On Friday the Olympian (Olympia, WA) reported that a move is afoot to repeal an ordinance passed in 2005 that bars the city from doing business with companies associated with nuclear weapons.[1]  --  AP reported the news in a squib that was picked up in the Seattle Post-Intelligencer.[2] ...


By Matt Batcheldor

Olympian (Olympia, WA)
August 22, 2008


A city ordinance that bans nuclear weapons in Olympia and bars the city from doing business with companies associated with them could face repeal.

The Olympia City Council's General Government Committee will reconsider the Nuclear Free Zone Ordinance of 2005 at a special meeting Tuesday. The committee is made up of Jeff Kingsbury, Rhenda Strub, and Craig Ottavelli, all of whom have criticized the ordinance.

Kingsbury asked the council to allow his committee to reconsider the validity of the act, its cost, who is signing required statements saying they are not associated with nuclear weapons, and which groups are exempt.

Kingsbury said a number of people have called or e-mailed asking that the measure be repealed. He stopped short of saying he would vote to repeal it.

"My impression of the ordinance is that it doesn't do anything except make a statement," Kingsbury said.

In interviews, most other council members were at least critical of the ordinance -- Strub, Ottavelli, Joan Machlis, and Mayor Doug Mah. Joe Hyer favors it, and Karen Messmer did not respond to phone messages.

The ordinance says:

• The city can't do business with companies associated with nuclear weapons, with some exceptions. City contractors must certify that companies are not associated with nuclear weapons, unless the city manager determines that there's no alternative.

• The mayor must write to representatives of nuclear-armed countries and other entities each year, informing them that the city is a nuclear-free zone.

• Nuclear weapons can't be developed, stored, or transported through Olympia. The exceptions are federal highways such as Interstate 5 and U.S. Highway 101, because the city doesn't have jurisdiction.

The City Council weakened the ordinance in 2006, when it exempted interlocal and purchase-and-sale agreements after at least five agencies hesitated to sign normally routine contracts because of the provision. Nuclear power has never been banned under the ordinance.

"I believe that the guts of the ordinance were stripped of its potency before it was ever passed, and after its first annual review, it was diluted even further," Kingsbury said.

Supporters of the ordinance say it makes an important statement.

TJ Johnson, a former councilman who proposed the ordinance, said its purpose is twofold: It increases awareness of nuclear weapons, and it allows the city to say it doesn't do business with those associated with the weapons.

He pointed out that the city already requires companies to sign statements certifying that they offer domestic-partnership benefits and don't have sweatshop labor. Only companies that offer spousal benefits must also offer domestic-partnership benefits; in June, a development team dropped out of the race to build the new Olympia City Hall because it wouldn't sign the domestic-partnership statement.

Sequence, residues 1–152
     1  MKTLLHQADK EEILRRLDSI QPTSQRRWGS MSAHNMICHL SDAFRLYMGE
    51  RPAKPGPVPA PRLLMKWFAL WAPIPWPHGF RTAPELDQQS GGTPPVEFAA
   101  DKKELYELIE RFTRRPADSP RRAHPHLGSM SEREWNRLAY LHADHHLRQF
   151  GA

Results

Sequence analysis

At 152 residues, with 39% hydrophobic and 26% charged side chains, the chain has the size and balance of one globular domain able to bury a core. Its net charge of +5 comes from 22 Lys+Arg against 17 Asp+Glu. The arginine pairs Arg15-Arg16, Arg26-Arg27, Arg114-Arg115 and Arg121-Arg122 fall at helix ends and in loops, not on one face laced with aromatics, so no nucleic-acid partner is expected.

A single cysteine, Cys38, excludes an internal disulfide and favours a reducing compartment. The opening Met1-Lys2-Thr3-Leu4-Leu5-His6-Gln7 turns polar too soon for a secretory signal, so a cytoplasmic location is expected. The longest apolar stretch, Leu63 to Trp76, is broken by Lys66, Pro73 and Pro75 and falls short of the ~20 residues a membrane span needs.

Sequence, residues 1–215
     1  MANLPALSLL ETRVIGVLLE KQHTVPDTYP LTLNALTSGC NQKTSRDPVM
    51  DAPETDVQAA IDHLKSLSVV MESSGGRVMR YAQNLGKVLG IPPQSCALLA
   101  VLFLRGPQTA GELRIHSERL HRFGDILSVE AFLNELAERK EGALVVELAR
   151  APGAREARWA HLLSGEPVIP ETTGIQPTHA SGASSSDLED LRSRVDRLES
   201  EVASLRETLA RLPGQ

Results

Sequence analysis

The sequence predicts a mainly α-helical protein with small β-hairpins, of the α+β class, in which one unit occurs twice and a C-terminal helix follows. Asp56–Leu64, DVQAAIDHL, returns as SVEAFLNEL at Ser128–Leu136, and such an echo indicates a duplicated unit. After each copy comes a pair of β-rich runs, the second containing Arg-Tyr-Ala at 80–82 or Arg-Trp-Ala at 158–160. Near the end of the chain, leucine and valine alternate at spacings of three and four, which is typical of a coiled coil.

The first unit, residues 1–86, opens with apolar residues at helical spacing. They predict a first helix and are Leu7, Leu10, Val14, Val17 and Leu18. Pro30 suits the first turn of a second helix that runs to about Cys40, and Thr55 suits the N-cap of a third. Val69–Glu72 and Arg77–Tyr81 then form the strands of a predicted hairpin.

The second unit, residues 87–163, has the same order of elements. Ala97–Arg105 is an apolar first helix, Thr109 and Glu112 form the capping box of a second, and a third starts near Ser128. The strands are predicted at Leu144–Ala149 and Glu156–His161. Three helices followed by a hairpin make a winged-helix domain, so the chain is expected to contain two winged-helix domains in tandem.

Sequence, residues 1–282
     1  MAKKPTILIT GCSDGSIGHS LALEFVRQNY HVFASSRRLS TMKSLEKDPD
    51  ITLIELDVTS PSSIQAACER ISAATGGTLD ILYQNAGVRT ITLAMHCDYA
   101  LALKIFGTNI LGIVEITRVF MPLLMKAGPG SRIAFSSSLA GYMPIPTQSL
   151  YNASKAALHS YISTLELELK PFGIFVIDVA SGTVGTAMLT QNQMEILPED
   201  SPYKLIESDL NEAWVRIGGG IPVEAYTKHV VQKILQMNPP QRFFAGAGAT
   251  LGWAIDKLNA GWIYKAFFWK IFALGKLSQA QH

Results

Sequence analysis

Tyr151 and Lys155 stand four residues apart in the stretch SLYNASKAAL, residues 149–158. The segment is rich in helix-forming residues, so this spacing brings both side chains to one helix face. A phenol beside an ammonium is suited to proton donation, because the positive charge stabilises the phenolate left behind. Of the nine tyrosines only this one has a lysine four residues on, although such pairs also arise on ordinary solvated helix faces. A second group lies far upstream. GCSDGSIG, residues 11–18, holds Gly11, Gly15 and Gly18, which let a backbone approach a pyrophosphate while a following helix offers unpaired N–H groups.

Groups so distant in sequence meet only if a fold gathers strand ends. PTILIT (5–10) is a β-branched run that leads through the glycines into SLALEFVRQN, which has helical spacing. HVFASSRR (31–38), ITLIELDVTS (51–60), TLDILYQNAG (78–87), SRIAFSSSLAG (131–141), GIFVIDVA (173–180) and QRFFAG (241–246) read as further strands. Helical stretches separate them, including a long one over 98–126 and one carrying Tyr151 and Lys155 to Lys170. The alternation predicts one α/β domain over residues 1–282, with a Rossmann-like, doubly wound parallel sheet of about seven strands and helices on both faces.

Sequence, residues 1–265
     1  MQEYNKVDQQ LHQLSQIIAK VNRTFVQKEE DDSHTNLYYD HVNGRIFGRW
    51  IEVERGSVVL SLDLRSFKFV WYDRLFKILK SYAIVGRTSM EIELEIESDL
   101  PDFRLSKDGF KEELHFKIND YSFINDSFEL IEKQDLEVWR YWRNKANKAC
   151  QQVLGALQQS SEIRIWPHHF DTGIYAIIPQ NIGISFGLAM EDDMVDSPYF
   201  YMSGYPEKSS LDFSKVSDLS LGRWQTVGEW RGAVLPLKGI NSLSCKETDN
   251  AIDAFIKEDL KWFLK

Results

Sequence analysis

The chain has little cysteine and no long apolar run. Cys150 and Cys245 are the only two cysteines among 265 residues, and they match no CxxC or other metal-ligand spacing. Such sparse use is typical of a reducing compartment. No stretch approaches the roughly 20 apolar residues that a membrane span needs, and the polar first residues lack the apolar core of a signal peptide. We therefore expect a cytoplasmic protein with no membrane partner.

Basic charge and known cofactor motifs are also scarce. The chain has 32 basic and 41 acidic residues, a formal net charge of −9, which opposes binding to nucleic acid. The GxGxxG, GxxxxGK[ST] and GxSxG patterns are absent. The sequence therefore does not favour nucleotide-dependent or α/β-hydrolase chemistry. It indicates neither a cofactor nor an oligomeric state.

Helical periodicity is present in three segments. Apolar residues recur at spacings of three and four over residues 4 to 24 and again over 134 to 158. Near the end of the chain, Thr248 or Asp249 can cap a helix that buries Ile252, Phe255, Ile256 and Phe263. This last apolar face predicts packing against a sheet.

Johnson said the public overwhelmingly supported the nuclear-free ordinance.

"Why not put it to a public vote?" he said. "Why not allow both sides to put forward their best arguments and let the community decide?"

Hyer, the only current councilman to vote for the ordinance in 2005, said he still favors it.

"In this world, symbols are important," he said. "We don't need nuclear weapons."

An attempt by then-Mayor Mark Foutch to repeal the ordinance failed in 2006 when the council deadlocked 3-3, with Messmer abstaining. She said afterward that she didn't vote because she thought there should be more public process and added that she didn't want to spend any more time on the issue.

The council has changed dramatically since 2005. Three council members whose terms began this year were critical of the nuclear-free ordinance Thursday.

"I think it's an example of what I would call a nuisance ordinance," Ottavelli said.

Machlis said she will wait to see what the city's analysis of the ordinance says, but "I personally feel like that's not something I would have adopted."

Strub said she thinks the ordinance is ineffective.

"It's really turned into more of a paperwork nightmare . . . than it has a public statement in favor of peace," she said.



Associated Press
August 22, 2008


OLYMPIA, Wash. -- The Olympia City Council is reconsidering an ordinance that declared the city a nuclear free zone.

A city council committee will discuss repealing the ordinance at a Tuesday meeting.

Council members say a number of people have called and e-mailed asking the council to repeal the 3-year-old measure.

The ordinance bans the city from doing business with companies associated with nuclear weapons. Contractors must certify they are not associated with nuclear weapons.

The ordinance also says nuclear weapons can't be developed or stored in the city or transported through Olympia. The mayor has to write a letter to nuclear-armed countries each year telling them that Olympia is a nuclear free zone.